Out in the gardens this morning, harvesting for market, I started figuring (or figirin’, in the colloquial). I was harvesting my beautiful Caraflex spring cabbages and thinking about how much I should charge per head.
The row of cabbage I was mostly cutting from is in the north central garden (I have another row in the east garden that are a little bit slower), and it’s, oh, maybe 25 feet long. It holds seventeen cabbages.
Those cabbages were started in my house in a seedling mix that I put together myself. They were grown under lights until they reached transplant size (4 weeks or so), and then hardened off outside and transplanted (with a shot of fish emulsion in the water) into a row that had been amended with composted horse manure.
Then they were dusted with diatomaceous earth to protect against cabbage borers, cabbage butterflies, and other things that like to eat cabbage as much as I do (maybe even more than I do) and then covered with floating row cover to protect against bunnies and deer, and secured with landscape staples (and a few rocks).
When they started heading up, I weeded around them, gave each a half cup of composted chicken manure, and dusted them again. I watered them a few times when it was dry, though lately that hasn’t been an issue.
Seventeen cabbages fit in that north central garden row, and despite my best efforts, one cabbage was eaten by rabbits or deer (it was at the end didn’t quite fit under the row cover), and one was invaded by a cabbage borer.
So, that gives me 15 cabbages to sell out of that row (there’s another 25 or so in the east garden). I harvest them by cutting them low on the stem, handling carefully to avoid breaking leaves, dunking them in cool water to rinse off any critters, diatomaceous earth, and soil, and pack them gingerly in my coolers, which hold only about eight heads each.
By comparison, I had a row (same size) of salad mix in that same garden that was amended with composted horse manure as well. The salad mix was direct-seeded, so required less labor and did not spend time under lights in my house or use up any seedling mix. It did get more water to aid in germination, and it did get some intensive weeding time (harder with this kind of thickly-sown crop).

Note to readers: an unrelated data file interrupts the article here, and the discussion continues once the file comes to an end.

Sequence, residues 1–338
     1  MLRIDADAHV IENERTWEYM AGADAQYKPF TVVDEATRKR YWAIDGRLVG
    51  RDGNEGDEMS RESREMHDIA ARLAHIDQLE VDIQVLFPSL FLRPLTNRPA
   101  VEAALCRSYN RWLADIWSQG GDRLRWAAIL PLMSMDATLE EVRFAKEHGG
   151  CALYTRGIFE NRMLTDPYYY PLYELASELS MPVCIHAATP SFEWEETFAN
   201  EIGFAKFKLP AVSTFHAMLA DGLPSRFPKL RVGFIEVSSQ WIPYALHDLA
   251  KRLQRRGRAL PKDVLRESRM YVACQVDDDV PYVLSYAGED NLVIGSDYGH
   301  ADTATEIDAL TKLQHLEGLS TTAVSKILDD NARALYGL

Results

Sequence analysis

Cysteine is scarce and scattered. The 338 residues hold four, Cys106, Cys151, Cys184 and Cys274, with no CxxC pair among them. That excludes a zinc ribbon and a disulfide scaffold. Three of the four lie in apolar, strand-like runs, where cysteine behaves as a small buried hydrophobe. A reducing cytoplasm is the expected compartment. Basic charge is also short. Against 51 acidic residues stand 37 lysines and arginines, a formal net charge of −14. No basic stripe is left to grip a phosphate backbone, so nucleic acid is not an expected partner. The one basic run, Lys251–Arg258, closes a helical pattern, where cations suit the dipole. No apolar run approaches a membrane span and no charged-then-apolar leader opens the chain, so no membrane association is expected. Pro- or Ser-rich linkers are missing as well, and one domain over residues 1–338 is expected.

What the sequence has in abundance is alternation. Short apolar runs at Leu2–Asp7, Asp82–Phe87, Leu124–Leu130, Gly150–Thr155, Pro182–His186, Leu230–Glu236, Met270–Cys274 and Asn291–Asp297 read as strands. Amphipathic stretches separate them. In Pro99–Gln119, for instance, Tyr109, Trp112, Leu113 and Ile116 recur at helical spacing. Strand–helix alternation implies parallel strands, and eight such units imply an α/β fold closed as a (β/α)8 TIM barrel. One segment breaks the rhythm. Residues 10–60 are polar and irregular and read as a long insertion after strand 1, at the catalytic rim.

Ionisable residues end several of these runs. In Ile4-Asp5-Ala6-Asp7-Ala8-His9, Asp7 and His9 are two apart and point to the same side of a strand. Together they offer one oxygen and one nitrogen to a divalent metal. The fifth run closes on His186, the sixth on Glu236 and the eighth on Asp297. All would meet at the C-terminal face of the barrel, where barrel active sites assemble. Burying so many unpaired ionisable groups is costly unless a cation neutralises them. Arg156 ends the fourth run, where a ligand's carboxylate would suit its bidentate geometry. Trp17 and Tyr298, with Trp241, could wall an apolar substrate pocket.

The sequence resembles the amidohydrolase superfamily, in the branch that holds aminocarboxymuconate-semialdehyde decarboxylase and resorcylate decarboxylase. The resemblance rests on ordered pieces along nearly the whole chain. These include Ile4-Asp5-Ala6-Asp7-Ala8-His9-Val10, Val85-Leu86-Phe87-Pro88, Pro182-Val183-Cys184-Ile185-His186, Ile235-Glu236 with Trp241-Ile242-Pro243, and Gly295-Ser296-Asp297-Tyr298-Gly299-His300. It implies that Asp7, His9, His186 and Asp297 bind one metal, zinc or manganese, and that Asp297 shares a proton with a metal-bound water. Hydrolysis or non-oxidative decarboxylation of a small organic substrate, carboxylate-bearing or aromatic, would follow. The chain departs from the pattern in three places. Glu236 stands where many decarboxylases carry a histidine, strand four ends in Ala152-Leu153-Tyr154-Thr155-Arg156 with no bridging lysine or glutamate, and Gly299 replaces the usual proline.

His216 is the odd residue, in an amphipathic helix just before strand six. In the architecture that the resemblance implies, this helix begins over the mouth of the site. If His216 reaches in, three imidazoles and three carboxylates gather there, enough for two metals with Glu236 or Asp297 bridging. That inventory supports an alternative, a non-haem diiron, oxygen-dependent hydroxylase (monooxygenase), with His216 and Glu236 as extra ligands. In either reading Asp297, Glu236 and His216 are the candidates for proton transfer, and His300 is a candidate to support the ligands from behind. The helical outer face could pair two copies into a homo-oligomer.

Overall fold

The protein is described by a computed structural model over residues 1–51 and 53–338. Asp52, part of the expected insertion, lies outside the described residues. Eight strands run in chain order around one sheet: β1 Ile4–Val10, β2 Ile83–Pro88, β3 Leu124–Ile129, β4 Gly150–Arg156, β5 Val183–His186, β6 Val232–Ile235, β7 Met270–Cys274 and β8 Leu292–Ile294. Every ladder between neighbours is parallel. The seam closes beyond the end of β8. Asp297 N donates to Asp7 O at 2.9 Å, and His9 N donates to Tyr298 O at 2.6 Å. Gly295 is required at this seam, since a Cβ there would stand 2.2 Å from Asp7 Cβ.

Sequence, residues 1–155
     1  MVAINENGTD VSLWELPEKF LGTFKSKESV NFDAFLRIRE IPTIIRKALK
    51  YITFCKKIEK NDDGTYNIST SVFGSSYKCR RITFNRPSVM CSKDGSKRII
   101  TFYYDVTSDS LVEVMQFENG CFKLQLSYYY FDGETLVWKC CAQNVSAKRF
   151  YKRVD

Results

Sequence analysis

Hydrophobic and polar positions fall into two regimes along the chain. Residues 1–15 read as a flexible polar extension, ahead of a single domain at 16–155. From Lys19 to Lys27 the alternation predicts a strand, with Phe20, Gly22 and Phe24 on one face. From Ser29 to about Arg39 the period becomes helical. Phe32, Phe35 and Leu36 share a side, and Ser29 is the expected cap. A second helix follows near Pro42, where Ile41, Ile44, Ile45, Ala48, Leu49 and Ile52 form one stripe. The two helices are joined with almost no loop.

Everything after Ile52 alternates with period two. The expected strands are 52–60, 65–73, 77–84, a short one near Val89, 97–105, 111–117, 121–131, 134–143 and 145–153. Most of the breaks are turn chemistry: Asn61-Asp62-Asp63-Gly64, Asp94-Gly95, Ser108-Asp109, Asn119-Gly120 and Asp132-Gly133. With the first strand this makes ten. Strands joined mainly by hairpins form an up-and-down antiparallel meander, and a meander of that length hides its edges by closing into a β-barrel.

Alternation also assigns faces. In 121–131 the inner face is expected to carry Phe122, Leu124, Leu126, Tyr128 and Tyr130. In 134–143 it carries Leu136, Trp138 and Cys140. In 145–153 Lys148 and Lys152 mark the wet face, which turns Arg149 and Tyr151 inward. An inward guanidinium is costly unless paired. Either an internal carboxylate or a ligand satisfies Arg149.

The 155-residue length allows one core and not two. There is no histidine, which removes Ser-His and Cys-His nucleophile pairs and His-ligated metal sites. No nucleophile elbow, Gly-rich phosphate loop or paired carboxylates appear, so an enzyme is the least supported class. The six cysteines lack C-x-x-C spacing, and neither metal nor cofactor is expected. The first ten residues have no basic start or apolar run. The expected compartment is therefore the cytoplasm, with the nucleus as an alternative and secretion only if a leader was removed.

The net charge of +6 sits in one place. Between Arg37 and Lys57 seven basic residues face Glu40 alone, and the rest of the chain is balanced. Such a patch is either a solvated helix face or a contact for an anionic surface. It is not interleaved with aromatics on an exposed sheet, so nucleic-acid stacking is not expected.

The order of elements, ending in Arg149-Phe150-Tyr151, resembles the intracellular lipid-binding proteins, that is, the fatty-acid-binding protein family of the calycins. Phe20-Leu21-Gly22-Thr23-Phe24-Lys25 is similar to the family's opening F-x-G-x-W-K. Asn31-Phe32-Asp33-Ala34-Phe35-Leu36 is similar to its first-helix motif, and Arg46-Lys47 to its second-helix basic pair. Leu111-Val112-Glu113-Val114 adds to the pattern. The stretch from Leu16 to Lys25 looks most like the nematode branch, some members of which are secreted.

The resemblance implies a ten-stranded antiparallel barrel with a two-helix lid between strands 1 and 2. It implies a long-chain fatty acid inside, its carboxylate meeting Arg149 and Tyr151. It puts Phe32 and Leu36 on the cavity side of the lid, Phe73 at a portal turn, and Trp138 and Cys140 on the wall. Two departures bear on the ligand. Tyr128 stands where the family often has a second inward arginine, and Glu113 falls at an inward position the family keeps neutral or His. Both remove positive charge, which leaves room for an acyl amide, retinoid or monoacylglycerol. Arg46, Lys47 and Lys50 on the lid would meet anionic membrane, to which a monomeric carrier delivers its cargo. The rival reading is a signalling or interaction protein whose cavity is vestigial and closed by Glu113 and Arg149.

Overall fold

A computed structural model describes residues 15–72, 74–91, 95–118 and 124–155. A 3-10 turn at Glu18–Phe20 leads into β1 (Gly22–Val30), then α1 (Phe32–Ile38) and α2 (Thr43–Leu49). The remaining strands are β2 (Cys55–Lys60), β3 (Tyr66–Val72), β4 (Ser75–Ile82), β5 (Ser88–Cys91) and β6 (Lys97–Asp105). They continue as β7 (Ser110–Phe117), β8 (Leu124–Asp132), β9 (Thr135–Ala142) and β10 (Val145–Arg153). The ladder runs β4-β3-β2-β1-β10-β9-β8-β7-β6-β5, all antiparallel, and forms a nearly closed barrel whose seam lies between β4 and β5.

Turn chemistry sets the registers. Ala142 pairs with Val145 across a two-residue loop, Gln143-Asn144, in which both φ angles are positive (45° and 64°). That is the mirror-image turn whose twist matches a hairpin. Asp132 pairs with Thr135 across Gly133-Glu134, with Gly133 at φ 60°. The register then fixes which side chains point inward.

The salad mix did not get fish emulsion, nor did it get chicken manure. It was row-covered. Altogether, I harvested that row four times (which is a somewhat intensive process), and got about thirty total bags of salad mix each harvest. My salad mix sells for $3.50/bag, but let’s say three, because I would add other herbs and arugula as well. Total gross off the salad mix row: $360.
In order to gross that much off 15 cabbages, I’d have to charge $24 a cabbage. If I divided it by the seventeen cabbages I actually planted in that row, that’s still a shade over $21 apiece.
Well, obviously, I’m not going to charge $21 per cabbage. That would be a good way to have a lot of cabbage on hand after the market, as well as a lot of people questioning my sanity. Too, I don’t expect to gross the same amount off every row I grow (wouldn’t that be nice!).
All this figirin’ has led me to realize (as I’ve been told Steve Solomon notes in Gardening When It Counts) that growing cabbage, as compared to a lot of other crops, takes more labor, more space, and more fertility. “When it counts,” it’s probably not the crop to grow.
And, unlike the salad mix, when you cut it, it doesn’t “come again.” You might get a ring of tiny cabbages around the base of the plant if you’re lucky, but they’re not really salable, and it makes more sense to simply succession-plant that space with another crop once the cabbage has been cut rather than reserve the space and hope for teeny cabbages.
With all that said, I’m thinking of my beautiful and well-grown spring cabbages as a “treat.” And I’d wager they’re a treat that, if compared with a conventionally-grown cabbage in a laboratory setting or a taste-testing, would prove a far superior product.
I’ll have these cabbages at the farmers market this week (today!) and next, and perhaps even a few into a third week. I’ll be charging $4 per luscious, crispy, lovingly-grown head. Now doesn’t that sound like a good deal?